Simulation of Aphasic Naming Performance in Non-Brain-Damaged Adults
Discussion abounds in the literature as to whether aphasia is a deficit of linguistic competence or linguistic performance and, if it is a performance deficit, what are its precise mechanisms. Considerable evidence suggests that alteration of nonlinguistic factors can affect language performance in aphasia, a finding that raises questions about the modularity of language and the purity of linguistic mechanisms underlying the putative language deficits in persons with aphasia. This study investigated whether temporal stress plus additional cognitive demands placed on non-brain-damaged adults would produce aphasic-like performance on a picture naming task. Two groups of non-brain-damaged participants completed a picture naming task with additional cognitive demands (use of low frequency words and making semantic judgments about the stimuli). A control group performed this task at their own pace, and an experimental group was placed under time constraints. Naming errors were identified and coded by error type. Errors made by individuals with aphasia from a previous study (S. E. Kohn & H. Goodglass, 1985) were recoded with the coding system used in the present study and were then compared with the types of errors produced by the 2 non-brain-damaged groups. Results generally support the hypothesis that the language performance deficits seen in persons with aphasia exist on a continuum with the language performance of non-brain-damaged individuals. Some error type differences between groups warrant further investigation.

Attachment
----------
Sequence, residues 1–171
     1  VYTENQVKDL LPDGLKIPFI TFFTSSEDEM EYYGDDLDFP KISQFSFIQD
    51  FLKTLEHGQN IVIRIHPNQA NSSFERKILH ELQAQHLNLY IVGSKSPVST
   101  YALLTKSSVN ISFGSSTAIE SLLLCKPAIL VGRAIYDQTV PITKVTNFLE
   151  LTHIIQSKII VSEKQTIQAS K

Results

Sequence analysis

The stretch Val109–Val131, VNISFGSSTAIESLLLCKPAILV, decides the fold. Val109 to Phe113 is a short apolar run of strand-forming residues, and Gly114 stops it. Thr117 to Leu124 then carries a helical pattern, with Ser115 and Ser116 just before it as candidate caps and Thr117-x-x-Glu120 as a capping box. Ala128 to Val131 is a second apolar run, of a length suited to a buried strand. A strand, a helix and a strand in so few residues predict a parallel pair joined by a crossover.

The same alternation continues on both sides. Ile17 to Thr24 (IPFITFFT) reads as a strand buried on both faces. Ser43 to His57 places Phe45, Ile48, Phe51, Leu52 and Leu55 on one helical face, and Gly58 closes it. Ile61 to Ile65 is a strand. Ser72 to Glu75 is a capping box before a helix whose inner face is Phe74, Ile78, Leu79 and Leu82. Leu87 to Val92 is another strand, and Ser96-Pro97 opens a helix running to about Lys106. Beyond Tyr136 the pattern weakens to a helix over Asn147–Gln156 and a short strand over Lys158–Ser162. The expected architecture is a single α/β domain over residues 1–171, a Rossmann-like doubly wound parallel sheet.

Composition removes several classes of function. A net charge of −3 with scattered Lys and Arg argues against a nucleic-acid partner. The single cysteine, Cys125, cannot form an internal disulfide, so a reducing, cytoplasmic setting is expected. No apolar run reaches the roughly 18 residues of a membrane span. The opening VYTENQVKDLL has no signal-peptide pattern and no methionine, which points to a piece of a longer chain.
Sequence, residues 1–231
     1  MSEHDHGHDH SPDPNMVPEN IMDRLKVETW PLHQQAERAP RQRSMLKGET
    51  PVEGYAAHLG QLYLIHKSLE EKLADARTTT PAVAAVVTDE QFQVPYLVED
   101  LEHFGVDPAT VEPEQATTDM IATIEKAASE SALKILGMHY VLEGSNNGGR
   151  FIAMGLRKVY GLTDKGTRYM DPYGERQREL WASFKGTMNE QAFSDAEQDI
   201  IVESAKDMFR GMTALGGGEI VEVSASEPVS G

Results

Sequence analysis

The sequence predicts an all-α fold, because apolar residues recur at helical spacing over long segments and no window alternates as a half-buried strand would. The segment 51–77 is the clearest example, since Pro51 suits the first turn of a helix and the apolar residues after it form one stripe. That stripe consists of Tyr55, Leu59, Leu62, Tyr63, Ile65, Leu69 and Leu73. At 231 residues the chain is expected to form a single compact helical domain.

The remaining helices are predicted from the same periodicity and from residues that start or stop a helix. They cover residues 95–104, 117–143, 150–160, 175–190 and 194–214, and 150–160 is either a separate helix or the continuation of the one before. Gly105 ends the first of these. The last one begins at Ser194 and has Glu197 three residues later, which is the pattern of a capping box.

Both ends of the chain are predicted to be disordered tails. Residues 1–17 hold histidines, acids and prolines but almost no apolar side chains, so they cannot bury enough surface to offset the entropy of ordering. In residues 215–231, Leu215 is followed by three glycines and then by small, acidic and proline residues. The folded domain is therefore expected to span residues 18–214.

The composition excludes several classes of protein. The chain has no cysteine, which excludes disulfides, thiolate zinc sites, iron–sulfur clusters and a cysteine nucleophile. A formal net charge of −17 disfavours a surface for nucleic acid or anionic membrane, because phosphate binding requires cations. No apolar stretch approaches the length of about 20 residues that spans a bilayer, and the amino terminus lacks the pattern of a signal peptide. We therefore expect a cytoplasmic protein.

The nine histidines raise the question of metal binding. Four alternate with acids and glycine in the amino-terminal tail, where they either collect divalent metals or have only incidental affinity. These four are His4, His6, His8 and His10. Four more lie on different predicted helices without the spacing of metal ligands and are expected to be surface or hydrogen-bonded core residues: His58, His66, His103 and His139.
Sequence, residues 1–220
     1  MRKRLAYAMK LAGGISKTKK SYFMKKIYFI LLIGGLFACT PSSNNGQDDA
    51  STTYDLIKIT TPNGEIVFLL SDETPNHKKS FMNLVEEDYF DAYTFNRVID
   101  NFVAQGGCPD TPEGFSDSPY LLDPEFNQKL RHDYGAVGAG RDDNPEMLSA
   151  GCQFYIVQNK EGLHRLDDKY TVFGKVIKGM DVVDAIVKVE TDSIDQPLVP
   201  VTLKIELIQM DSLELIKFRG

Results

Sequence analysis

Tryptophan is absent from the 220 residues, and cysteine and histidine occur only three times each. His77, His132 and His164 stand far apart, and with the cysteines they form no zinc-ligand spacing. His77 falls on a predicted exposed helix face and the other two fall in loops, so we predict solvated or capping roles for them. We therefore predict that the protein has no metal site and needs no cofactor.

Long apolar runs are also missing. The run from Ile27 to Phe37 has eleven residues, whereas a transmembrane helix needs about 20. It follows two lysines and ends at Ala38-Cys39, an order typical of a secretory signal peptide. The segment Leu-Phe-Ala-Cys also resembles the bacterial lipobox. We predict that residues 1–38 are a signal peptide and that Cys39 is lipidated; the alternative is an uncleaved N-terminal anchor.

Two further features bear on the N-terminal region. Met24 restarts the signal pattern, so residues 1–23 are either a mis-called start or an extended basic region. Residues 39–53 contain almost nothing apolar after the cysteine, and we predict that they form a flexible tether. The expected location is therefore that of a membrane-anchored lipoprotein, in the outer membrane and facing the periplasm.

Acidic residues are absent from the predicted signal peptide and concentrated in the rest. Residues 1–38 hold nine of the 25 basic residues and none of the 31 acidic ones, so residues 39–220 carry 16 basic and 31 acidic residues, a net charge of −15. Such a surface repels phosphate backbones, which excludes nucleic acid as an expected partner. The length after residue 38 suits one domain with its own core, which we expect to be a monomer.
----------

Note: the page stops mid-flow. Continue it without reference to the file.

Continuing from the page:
aphasia, language functions and disorders, anomia, verbal expression